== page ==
For all the uncertainty that comes with opening up any restaurant, starting a 'nose to tail' dining operation can certainly seem overwhelming at first. To help get you moving in the right direction, may I humbly offer the following advice: start with the nose and chop your way down. Frankly, you don't even have to take my word for it. Tacos y Carnitas Sahuayo in Santa Ana, California, is already doing exactly that —chopping from end to end, that is—at such a high level that they're proving my point for me.
See, rather than concern themselves with overwrought interpretations of what a taco should be, the fine folks behind Tacos y Carnitas Sahuayo are simply doing what they do best: chopping up every part of a pig, cooking it to near perfection and then letting you put those pig parts in your mouth for a small fee, using a simple tortilla conveyance. If you think it's any more complicated than that, you should head to Santa Ana with a pen and paper, because you're going to need to take notes.
First-timers to the shabby storefront on West Pomona Street, be advised: this place is no joke. If you don't speak Spanish, let's at least hope you can accurately point at a menu board or feel comfortable mimicking the order of the person in front of you. If you're averse to all things swine, you also might want to stay away. Better yet, don't come within 50 feet of the front door.
If you're going to take my advice and start at the head, the first thing to order are the orejas, or pig's ears. Rather than the whispy, salty, crunchy ears you'll find on certain offal-inspired menus around town (Umamicatessen, anyone?), these orejas are served up in wide, thin triangular cuts. The edges will have curled slightly from their time on the plancha, but a singular taco arriving on a warm, thick hand-patted tortilla is a salty, slightly firm delight. The taste has a thin funk to it, a touch of earthiness that will let your tongue know that it hasn't ventured down this path before, but certainly doesn't mind the landscape.
The continually ambitious should move on from there to the trompa, or pig's snout. Nose to tail, indeed. You'll actually find whole sniffers, still intact, fresh from their slow chile-infused simmer and glistening under the fluorescent lighting. These are much fattier bites than the orejas, and their soft, almost gelatinous texture certainly won't be for everyone. But for those hearty folks who don't mind a thick layer of fat with their pork belly, the trompa at Tacos y Carnitas Sahuayo could be the sort of thing that appeals to you.
Moving further down the pig means running into carnitas territory, which is never a bad thing (especially when it's right there in the name of the restaurant). Like any other proper porkmaster worth their snout, the carnitas is boiled and bubbled in an oversized cauldron of fat, cooking the pork through while still imparting crispy fried edges to the meat. The carnitas here is a bit more substantial than you might find at other operations throughout Southern California, with large fleshy bites tossed into your waiting tortilla.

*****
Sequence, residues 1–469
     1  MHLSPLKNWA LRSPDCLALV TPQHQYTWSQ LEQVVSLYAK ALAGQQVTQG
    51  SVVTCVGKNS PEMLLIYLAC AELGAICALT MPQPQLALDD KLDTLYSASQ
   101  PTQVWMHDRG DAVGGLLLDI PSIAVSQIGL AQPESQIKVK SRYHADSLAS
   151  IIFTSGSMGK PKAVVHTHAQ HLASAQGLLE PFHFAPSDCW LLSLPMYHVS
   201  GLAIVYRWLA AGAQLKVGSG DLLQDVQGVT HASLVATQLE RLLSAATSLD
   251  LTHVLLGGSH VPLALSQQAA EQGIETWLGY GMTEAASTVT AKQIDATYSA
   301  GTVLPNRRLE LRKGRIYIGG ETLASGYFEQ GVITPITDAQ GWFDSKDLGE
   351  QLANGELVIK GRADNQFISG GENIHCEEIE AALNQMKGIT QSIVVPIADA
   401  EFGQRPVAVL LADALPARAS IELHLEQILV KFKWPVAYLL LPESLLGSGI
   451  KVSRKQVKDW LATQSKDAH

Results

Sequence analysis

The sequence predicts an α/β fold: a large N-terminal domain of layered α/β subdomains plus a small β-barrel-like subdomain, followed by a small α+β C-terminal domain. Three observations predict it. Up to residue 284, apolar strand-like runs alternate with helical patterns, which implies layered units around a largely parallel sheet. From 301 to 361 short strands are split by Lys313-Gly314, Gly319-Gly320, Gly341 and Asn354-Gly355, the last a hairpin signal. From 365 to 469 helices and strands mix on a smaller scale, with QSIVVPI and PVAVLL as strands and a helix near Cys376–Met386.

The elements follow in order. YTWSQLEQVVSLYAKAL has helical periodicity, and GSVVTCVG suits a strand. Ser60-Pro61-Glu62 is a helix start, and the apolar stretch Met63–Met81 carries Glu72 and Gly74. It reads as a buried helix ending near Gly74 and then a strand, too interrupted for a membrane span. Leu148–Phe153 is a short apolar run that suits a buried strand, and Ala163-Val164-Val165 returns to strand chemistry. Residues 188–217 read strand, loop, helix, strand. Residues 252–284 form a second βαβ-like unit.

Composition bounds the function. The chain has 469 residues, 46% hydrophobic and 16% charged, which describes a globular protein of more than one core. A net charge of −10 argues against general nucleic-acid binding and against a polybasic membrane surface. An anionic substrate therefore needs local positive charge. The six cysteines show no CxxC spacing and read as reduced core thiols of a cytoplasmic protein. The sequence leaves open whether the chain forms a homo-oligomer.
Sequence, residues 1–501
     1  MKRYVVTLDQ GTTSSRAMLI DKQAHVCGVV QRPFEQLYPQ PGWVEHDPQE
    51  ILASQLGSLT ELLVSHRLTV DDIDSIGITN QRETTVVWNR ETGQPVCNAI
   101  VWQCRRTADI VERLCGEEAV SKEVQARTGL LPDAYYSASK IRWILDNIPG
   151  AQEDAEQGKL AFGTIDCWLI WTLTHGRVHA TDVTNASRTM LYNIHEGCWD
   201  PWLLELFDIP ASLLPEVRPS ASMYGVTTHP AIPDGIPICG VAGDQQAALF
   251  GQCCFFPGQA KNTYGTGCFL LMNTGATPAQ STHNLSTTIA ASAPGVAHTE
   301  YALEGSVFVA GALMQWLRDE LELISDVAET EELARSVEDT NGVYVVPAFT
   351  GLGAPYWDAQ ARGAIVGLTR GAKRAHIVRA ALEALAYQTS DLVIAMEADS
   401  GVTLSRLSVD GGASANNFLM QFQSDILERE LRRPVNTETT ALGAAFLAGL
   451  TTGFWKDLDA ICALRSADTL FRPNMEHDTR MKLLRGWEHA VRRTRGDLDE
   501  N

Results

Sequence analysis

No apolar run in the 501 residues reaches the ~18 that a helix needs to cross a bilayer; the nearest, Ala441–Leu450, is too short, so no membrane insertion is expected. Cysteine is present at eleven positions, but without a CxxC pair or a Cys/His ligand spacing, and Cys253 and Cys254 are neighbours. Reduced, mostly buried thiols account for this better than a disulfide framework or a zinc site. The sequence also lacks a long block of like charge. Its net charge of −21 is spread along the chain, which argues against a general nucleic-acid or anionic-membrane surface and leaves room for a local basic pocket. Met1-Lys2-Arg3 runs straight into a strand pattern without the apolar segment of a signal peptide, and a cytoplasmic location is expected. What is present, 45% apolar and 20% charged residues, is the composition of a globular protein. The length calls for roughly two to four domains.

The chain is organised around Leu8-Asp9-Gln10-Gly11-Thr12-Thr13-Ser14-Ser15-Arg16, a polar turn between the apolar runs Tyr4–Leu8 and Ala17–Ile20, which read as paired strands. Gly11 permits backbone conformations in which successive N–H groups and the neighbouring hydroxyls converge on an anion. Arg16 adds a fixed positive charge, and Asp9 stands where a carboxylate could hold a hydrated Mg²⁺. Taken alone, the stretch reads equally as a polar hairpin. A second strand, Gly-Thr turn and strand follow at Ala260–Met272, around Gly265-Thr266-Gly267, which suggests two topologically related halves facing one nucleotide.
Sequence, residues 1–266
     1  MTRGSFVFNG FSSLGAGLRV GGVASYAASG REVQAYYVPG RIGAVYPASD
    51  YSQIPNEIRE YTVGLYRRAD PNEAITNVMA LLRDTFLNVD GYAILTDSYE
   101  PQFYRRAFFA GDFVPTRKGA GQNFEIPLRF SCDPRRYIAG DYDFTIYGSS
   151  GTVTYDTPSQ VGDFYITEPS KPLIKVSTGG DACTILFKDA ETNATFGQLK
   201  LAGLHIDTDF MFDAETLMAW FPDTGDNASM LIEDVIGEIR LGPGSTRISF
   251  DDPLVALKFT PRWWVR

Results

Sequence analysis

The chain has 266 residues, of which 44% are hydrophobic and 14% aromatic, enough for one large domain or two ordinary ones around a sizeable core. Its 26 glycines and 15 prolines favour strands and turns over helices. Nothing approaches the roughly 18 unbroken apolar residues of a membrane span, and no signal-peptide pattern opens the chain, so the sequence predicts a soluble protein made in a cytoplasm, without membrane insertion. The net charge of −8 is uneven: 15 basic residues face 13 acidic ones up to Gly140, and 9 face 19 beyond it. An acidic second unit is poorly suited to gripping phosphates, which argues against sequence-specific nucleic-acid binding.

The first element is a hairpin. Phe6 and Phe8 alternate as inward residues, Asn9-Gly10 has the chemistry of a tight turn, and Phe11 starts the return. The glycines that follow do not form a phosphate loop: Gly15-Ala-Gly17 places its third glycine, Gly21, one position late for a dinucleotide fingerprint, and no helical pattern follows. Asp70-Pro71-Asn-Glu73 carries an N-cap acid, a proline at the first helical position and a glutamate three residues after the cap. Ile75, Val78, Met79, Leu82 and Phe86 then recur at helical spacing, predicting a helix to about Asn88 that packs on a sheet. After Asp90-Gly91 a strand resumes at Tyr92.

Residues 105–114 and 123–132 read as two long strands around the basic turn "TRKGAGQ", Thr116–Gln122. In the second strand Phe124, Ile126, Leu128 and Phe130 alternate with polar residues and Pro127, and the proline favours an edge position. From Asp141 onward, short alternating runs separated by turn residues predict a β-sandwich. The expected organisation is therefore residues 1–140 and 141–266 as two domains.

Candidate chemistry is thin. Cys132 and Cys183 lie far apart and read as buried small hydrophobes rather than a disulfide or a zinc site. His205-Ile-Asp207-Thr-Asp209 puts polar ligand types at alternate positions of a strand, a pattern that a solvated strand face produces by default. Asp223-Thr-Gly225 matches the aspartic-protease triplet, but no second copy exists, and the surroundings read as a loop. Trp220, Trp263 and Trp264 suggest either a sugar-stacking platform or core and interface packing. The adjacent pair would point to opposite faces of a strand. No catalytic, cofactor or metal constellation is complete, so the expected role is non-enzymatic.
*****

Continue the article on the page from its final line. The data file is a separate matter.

You will still find crisp bites hidden where you least expect them, and when you do you will curse the rest of your taco for not tasting exactly like that. Then, you will sink your teeth into a light pink hunk of tender pork, juicy and salty and tasting faintly of the fatty, oily vat it came from, and you will realize that life is all about that ying and yang and you can't have the crunchy without the tender and then before you know it your taco is gone and you're at the counter ordering another.
You'll notice that these porky glamour shots aren't drizzled with salsa. Frankly, you don't need any at Tacos y Carnitas Sahuayo, although no one would blame you if you brought some back to the table. Most of the options are even-tempered, imparting just enough mild heat to offset the taco's fat content. Those of you with something to prove can ask for the special salsa they keep behind the counter, but don't be fooled by the vibrant green salsa's looks. This stuff is deadly, and absolutely not recommended for anyone who wishes to remain alive.
One could, conceivably, head to Tacos y Carnitas Sahuayo and play it safe. There are those mild salsas, and you are certainly within your right to order the rather pedestrian carne asada from behind the counter. But you would be doing a disservice to everything that this place is about, and perhaps more importantly you'd be cutting yourself off from an approachable offal experience that is prepared with heart and history. It's not 'nose to tail' cooking at Tacos y Carnitas Sahuayo. Around here, it's simply the way things are done.
Tacos y Carnitas Sahuayo
165 W. Pomona St., Santa Ana, CA 92707 (map)
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